So You Can’t Sleep?

In the thin hours of the morning some things keep us awake:

 

A friend just lost his job. As we talked about it, I watched him scrub his hand through his hair, hollow-eyed, staring at his dim future flashing through his mind.

 

In addition to unemployment, I knew that he’d contracted the dangerous word going around. Like a virus, this word chews away at the brain, then attacks the body.

 

Like Dr. House searching for a cure, I’ve studied the word’s etymology. It’s akin to the Old High German: wurgen meaning to strangle.

 

That seems about right. Worry strangles its victims.

 

Worry: to harass by tearing, biting or snapping, especially at the throat (Merriam-Webster)

 

Webster’s secondary definition is to touch or disturb something repeatedly.

 

Yeah, that’s the way worry works. It pecks or hammers away at thoughts. If you’re like me, you scold yourself, “Stop it!” Then five minutes later, you’re staring at nothing, throat tight, drifting in the land of worst-case-scenarios.

 

It’s unfair. Anxious, lip-biting worries seep in effortlessly while heaving them back and putting up barricades require such effort. There are different battle plans (and future blogs). My first strategy (when I wake up out of my fog) is:

 

Action

Dale Carnegie said, “If you can’t sleep, then get up and do something instead of lying there worrying. It’s the worry that gets you, not the lack of sleep.”

 

I heard a similar mantra at an outdoor survival class: “Try to keep making your situation a little better.” Unfortunately, I experienced what that meant on an extended backpacking trip with my young son.

 

After 10 miles, we’d reached the trail to a mountaintop camp, only to find that it was overgrown and blocked with trees. There wasn’t time to bushwhack because nightfall and a storm were bearing down on us. That’s when my son announced that he was out of water and feeling sick. After the rain started, I also found out that he was out of dry clothes. Everything he’d brought was cotton. I mentally kicked myself. I should have checked with the Forest Service. I should’ve checked my son’s gear. I had a lot of “shoulda’s” until some spark of preservation goaded me.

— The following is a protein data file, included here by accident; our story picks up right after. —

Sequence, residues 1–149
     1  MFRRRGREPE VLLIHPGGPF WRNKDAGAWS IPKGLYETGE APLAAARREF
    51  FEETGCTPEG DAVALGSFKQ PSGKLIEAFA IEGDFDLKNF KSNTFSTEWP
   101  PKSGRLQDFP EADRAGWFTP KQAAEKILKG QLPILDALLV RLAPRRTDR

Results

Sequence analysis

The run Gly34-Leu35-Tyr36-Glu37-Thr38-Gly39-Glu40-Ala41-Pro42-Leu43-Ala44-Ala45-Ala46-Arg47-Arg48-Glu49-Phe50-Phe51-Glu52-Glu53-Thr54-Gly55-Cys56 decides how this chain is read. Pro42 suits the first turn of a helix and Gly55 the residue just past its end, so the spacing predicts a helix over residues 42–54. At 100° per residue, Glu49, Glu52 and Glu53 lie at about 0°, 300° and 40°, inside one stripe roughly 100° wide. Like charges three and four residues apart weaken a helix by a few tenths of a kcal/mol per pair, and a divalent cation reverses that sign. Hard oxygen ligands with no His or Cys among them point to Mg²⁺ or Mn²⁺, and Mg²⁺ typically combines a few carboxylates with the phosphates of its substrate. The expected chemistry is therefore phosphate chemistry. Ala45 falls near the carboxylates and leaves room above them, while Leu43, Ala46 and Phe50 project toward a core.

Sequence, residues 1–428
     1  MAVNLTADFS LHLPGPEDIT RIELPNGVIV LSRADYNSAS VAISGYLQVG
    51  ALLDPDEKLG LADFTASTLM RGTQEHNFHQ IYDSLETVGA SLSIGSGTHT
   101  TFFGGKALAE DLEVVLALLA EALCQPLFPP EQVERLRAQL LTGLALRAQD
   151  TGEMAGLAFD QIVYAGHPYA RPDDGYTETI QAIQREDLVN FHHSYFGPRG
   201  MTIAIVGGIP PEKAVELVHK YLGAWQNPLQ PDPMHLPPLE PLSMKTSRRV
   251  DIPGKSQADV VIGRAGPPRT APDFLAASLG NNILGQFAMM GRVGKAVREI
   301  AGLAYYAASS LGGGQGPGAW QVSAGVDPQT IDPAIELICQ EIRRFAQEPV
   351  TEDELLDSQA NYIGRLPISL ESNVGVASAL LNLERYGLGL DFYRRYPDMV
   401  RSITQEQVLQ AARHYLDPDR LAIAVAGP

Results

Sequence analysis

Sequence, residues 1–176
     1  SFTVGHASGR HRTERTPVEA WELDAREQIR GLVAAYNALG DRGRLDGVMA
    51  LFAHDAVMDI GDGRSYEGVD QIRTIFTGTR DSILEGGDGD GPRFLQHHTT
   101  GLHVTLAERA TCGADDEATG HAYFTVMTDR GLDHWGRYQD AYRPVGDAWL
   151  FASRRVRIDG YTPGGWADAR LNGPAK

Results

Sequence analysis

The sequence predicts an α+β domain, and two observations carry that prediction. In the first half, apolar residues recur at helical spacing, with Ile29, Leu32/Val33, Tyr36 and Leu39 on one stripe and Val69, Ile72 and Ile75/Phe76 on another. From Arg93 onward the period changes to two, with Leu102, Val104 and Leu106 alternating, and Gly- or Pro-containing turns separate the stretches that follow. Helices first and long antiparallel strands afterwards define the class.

We built a tarp shelter. Hope grew when we were able to start a fire; a tiny one, but it threw out a circle of light in the pouring rain. We built a water collector; an ugly jury-rigged contraption that the Boy Scout manual would laugh at. Never mind. Each action, even the ones that failed (like the collector collapsing) gave us a grip on a world we didn’t control. It kept us focused on the present.

 

I wish I could say that I’ve conquered worry. I usually stew for a while before I remember that “anxiety will not add any time to my life.” So the wee hours of worrisome mornings find me kicking off the bedcovers to write, pray, or look for phone numbers that I can call as soon as the clock strikes 8 a.m. (Those lucky people)

 

I have a friend who cleans the house or exercises when she can’t sleep. My unemployed friend tells me he’s stopped staring at the dark and instead tweaks his resume, circles potential jobs in the newspaper, or irons clothes for a possible interview.

We work on what we have at the present.

Morning will come. Hope comes with it.

 

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About Barb

I escaped from a hardscrabble farm in Oklahoma. I'm not sure why people think I have an accent. I miss the sunshine, but not the fried foods.
This entry was posted in Hope, Worries and tagged , , , . Bookmark the permalink.

One Response to So You Can’t Sleep?

  1. Roxie says:

    I’ve been working backwards on this, wondering why hope is such a theme for you right now. And yes, worry is a killer. Worry is like mice chewing on the wiring of your tractor. We need internal cats to eat the worry mice. Doing something to help someone else usually does that for me. Somehow I can’t invest as much energy into worrying about the snow and the roads if I’m knitting a blanket for some orphan in Romania who NEEDS a blanket. Or if I’m making hats for homeless folks who are sleeping on the floor of some church during the storm. Or if I’m writing to a recently widowed friend in colorado who is getting through from day to day. Just sending an e-mail saying, “Hi. I’m thinking of you.” to someone is better than worrying about my problems.

    Like

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